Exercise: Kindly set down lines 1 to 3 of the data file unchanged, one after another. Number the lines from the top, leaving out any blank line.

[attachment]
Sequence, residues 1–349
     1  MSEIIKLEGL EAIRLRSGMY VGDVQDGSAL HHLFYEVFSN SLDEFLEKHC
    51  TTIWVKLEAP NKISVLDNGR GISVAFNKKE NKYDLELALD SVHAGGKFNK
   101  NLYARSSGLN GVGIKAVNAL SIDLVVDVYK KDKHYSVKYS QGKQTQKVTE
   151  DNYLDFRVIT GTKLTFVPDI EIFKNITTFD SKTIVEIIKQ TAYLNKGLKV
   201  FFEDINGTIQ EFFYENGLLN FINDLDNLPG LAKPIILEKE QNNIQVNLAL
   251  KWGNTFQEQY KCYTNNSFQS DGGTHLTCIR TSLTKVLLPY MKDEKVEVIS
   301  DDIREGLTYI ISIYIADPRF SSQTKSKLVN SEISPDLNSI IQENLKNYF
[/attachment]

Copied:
Sequence, residues 1–349
     1  MSEIIKLEGL EAIRLRSGMY VGDVQDGSAL HHLFYEVFSN SLDEFLEKHC
    51  TTIWVKLEAP NKISVLDNGR GISVAFNKKE NKYDLELALD SVHAGGKFNK